Australia's Jessica Fox won the canoe and kayak races at Paris 2024 venue Vaires-sur-Marne to seal both ICF Canoe Slalom World Cup titles ©Getty Images

Australia's Jessica Fox won the women's canoe and kayak races at the final International Canoe Federation (ICF) Canoe Slalom World Cup of the season to seal the overall titles in Vaires-sur-Marne at a venue set to be used for next year's Olympic Games.

Fox is the Olympic canoe and world kayak champion and considered by many the greatest paddler of all time.

This was her fifth consecutive World Cup series crown in the K1 and a fifth in her career in the C1.

In the kayak discipline, Fox could even afford a two seconds penalty on the 16th of 21 gates as she earned victory in 100.78sec, finishing 1.59 seconds clear of Austria's Corinna Kuhnle and 1.95 ahead of Poland's Klaudia Zwolińska.

The World Cup final at the Vaires-sur-Marne Nautical Stadium, a new facility built to host canoeing and rowing events at Paris 2024, offered double points for athletes in the overall standings with 120 available for a win.

Fox's third victory from five helped her to take overall gold with 308 points, followed by Germany's Elena Lilik who was fourth on the day with 277 and Zwolińska with 262.

In the canoe discipline, Fox has enjoyed an even better season, and a fourth win from five earned her a first overall World Cup title since 2019.

She dominated the final with a time of 106.04, finishing more than four seconds clear of Gabriela Satková of the Czech Republic with 110.08 and nearly six clear of third-placed Mallory Franklin of Britain with 111.97.

Fox earned overall victory with 334 points, followed by Kimberley Woods of Britain with 222 after a fifth-place finish and Ukraine's Viktoriia Us, who was 11th in Vaires-sur-Marne with 217.

This was the third time Fox, winner of the Olympic gold medal in the C1 at Tokyo 2020, has lifted both overall titles in the same year.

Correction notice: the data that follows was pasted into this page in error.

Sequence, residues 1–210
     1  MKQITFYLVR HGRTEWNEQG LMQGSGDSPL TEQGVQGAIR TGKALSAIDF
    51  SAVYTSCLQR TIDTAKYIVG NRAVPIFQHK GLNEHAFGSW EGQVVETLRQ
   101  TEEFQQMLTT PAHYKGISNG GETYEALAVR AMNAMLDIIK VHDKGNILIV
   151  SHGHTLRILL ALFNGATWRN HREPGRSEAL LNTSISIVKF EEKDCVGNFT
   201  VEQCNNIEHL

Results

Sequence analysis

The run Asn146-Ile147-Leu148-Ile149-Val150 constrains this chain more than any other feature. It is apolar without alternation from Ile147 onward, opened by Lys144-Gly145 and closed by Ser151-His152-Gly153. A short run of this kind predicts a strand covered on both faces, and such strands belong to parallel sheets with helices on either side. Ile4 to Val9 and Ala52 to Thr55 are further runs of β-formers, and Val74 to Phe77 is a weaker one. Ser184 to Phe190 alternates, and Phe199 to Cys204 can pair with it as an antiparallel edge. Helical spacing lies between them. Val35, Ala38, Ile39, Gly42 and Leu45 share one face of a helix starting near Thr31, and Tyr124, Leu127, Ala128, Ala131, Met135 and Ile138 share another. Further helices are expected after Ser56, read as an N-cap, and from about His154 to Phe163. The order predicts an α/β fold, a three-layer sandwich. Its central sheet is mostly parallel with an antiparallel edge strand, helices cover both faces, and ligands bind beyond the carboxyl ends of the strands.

She claimed it had been "a near perfect season, but there are still things to improve on and things to work", and "it was great to get that first look and that first feel on the Paris course" for next year's Olympics.

In the men's kayak, Vít Přindiš of the Czech Republic earned overall gold, despite not winning an event on the circuit.

He continued his consistent performances with a second-place finish in Vaires-sur-Marne, clocking 91.78 behind French home favourite Titouan Castryck in 89.20.

Přindiš was joint-second at the event as Britain's Jonny Dickson matched his time.

It helped him finish with 304 points, followed by Giovanni De Gennaro of Italy with 271 and Olympic champion Jiří Prskavec of the Czech Republic with 252.

The other overall medallists finished ninth and seventh, respectively, at the World Cup final.

A fourth-place finish was enough for Luka Božič of Slovenia to leapfrog Matej Beňuš of Slovakia to the top of the men's canoe standings.

Raffaello Ivaldi of Italy made it back-to-back World Cup wins in 95.90, followed by Germany's Franz Anton in 96.18 and Spain's Miquel Travé in 96.83.

Božič was fourth in 97.69, which took him onto 270 points, two clear of Beňuš who was eighth in 100.16 after two seconds penalties on the seventh and 13th gates.

Slovenia's Luka Božič leapfrogged Slovakia's Matej Beňuš to top the season standings in the men's canoe at the ICF Canoe Slalom World Cup ©Getty Images
Slovenia's Luka Božič leapfrogged Slovakia's Matej Beňuš to top the season standings in the men's canoe at the ICF Canoe Slalom World Cup ©Getty Images

Three-time world champion Joe Clarke of Britain sealed the World Cup crown in men's kayak cross, a discipline set for its Olympic debut at Paris 2024.

That was despite a 13th-place finish after missing out on the final, as he finished with 189 points.

France's Boris Neveu climbed to second overall with 171 points after an impressive victory in the final, staving off Finn Butcher of New Zealand, Felix Oschmautz of Austria and Přindiš.

Timothy Anderson of Australia completed the overall podium with 161 pointsafter losing in his semi-final.

Woods took the women's kayak cross title with 229 points, despite finishing second to New Zealand's Luuka Jones in the final.

Jones was second overall with 204 points, and a third-place finish from Fox in Vaires-sur-Marne earned her third overall with 194.

Nikita Setchell of Britain was the other finalist.